May 29, 2020
Access money with the home you own.
A reverse mortgage or 'home equity release' may be an option giving you access to money now while staying in your home. It sounds great – but beware. There is risk involved, and a long-term financial impact, so weigh up the pros and cons carefully first.
There are generally two types arrangements:
A type of loan. The loan amount depends on your age, the value of the home and how it is taken (lump sum, regular payments or draw down as needed). Interest is added to the loan and compounds (you eventually pay interest on interest). The loan does not have to be repaid until the borrower moves out or the house is sold, usually as part of a deceased estate.
Allows you to sell a proportion of the future value of your home while you live there. You get a lump sum, and keep the remaining proportion of your home equity. When you sell your home, you will only get the value of the share you own.
The amount of money you will receive depends on your age, the value of your home and the type of equity release.
Know Your Rights and Responsibilities
As with all options careful research is needed. These arrangements are complicated and involve lots of numbers and projections – ask lots of questions and don’t feel embarrassed if you are struggling to understand what is being offered.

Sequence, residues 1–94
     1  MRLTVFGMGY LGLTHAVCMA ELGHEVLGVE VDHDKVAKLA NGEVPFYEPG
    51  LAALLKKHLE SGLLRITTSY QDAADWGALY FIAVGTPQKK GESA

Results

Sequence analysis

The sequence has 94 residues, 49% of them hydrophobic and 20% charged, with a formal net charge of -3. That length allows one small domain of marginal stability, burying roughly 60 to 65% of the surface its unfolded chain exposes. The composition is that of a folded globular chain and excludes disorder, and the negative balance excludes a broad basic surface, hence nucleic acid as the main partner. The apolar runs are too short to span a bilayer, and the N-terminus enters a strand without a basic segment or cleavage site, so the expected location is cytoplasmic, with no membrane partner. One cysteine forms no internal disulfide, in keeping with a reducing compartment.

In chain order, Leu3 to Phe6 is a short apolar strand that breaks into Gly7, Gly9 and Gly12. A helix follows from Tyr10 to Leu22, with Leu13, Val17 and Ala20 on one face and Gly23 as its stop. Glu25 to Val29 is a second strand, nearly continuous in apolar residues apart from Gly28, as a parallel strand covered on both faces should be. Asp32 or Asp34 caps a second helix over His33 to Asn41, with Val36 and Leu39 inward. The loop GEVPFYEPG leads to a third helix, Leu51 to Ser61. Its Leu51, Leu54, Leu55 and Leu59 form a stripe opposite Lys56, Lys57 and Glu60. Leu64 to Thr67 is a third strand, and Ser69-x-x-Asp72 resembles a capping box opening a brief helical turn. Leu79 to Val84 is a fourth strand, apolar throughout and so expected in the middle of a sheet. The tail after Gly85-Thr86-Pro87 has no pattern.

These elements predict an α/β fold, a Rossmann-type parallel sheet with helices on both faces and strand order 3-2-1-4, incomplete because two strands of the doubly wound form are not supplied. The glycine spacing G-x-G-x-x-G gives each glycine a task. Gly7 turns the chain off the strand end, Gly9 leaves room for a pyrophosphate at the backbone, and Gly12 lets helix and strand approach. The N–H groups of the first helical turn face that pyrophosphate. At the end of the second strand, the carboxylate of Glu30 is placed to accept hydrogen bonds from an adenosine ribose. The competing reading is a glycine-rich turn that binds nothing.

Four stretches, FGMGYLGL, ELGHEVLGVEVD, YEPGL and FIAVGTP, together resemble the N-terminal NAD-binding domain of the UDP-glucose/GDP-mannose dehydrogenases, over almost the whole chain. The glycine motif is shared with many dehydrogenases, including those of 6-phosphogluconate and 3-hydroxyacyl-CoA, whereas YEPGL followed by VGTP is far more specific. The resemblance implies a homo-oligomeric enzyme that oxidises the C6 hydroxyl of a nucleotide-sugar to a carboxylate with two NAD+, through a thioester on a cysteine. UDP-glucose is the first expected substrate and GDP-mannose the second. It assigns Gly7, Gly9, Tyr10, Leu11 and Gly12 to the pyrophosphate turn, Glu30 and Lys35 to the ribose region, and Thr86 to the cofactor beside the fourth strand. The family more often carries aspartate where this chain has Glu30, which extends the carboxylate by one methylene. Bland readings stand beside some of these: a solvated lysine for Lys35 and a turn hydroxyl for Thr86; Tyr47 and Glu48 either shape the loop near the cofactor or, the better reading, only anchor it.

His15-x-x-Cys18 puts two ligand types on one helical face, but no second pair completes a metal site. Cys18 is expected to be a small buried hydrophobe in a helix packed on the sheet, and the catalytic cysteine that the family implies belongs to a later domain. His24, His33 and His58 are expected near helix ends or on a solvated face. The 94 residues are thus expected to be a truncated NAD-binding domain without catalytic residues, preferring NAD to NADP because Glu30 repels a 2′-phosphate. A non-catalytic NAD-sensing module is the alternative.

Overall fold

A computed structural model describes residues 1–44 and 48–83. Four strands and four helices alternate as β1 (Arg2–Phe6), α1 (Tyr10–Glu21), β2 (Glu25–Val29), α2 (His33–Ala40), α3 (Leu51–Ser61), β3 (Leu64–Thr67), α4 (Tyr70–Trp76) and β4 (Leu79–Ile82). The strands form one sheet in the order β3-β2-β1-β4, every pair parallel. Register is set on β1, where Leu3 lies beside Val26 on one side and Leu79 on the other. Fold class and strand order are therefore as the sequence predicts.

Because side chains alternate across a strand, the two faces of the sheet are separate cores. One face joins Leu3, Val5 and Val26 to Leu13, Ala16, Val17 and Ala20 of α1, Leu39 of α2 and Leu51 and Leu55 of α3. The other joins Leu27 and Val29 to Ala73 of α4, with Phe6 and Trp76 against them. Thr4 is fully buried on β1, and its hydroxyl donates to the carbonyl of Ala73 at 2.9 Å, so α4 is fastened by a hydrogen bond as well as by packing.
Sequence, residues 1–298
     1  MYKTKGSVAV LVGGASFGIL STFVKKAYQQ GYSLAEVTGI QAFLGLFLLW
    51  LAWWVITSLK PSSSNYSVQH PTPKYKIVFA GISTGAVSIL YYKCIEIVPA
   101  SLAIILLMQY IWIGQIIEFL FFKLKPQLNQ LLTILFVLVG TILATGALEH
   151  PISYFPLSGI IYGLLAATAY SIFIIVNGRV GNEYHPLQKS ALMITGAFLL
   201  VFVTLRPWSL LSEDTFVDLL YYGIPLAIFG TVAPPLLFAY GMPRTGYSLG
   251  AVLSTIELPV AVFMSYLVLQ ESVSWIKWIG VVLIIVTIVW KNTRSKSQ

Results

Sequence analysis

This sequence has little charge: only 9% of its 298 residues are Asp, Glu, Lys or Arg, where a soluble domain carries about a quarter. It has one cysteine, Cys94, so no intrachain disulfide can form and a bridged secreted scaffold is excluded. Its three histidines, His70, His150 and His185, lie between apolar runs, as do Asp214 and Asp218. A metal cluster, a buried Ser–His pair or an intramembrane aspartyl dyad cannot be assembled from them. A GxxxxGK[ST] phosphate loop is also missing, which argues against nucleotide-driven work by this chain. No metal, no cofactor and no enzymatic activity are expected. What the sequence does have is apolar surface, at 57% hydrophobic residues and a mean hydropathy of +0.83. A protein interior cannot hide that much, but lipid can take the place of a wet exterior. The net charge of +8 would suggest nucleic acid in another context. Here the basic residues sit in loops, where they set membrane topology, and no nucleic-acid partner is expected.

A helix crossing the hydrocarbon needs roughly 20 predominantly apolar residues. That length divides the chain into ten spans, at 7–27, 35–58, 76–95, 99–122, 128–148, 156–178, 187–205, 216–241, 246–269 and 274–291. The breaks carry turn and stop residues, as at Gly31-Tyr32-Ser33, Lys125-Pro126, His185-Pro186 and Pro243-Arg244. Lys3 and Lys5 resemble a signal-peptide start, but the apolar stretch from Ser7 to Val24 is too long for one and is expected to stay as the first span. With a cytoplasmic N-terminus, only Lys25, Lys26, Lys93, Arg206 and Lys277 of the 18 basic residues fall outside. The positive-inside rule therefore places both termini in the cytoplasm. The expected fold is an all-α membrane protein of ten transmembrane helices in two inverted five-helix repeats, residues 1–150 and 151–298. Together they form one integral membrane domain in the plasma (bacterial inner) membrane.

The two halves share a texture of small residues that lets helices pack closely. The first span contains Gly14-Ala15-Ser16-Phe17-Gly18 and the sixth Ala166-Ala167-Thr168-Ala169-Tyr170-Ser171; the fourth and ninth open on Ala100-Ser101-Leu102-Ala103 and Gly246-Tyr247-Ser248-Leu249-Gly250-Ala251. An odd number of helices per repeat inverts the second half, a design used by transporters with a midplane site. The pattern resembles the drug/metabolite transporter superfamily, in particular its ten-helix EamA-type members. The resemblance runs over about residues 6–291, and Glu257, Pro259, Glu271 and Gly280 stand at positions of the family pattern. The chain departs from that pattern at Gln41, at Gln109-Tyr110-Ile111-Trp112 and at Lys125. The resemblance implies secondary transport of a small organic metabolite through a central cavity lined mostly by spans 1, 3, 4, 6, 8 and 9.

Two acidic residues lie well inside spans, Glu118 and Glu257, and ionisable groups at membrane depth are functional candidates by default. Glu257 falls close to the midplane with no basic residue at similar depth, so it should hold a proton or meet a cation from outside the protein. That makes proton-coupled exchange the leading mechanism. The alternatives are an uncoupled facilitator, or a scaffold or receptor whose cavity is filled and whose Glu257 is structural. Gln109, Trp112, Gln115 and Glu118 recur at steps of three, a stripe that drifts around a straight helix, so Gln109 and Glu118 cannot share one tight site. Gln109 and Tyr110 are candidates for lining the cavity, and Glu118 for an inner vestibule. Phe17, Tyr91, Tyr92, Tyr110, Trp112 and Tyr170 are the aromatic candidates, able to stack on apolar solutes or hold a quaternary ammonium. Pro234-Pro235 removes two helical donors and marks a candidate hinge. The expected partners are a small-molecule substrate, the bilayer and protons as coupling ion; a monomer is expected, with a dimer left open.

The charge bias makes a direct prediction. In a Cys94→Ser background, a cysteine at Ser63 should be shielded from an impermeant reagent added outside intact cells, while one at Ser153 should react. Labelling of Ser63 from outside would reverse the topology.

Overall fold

Key questions to ask:
- Why do I need extra money? (If you need extra money to maintain your home, you might be better off moving to a lower maintenance property.)
- Have I thought through the long term implications of eroding the value of my home? What if I need to move into residential aged care? Can my partner or kids stay on if I die?
- What happens if interest rates change?
- What if I change my mind?
- Have I got a source of independent financial or legal advice before I go ahead?
Independent information on understanding Reverse Mortgages including the questions you should be asking Reverse mortgages can be very complex and challenging to understand.
Applicable only to home owners and mainly targeted to aged pensioners, a reverse mortgage can allow older people to borrow against the value of their home to increase their regular income. A scheme that lets older Australians get a voluntary non-taxable fortnightly loan advance to supplement your retirement income. You can choose the amount of loan you get fortnightly. This amount can be up to 1.5 times the maximum rate of the qualifying pension. You can stop loan payments at any time. The scheme isn't available for payment of lump sums. The loan, costs and interest will eventually need to be repaid, most likely from your estate. The interest rate is variable and was 5.25% in November 2019.
The Major Banks
The 4 large Australian Banks all offer reverse mortgage products Conditions vary but generally these loans are used to supplement income or provide a lump sum
Brokers often have access to a range of information and comparisons between providers. Lending Brokers are essentially selling loans so keep this in mind when you approach them for information.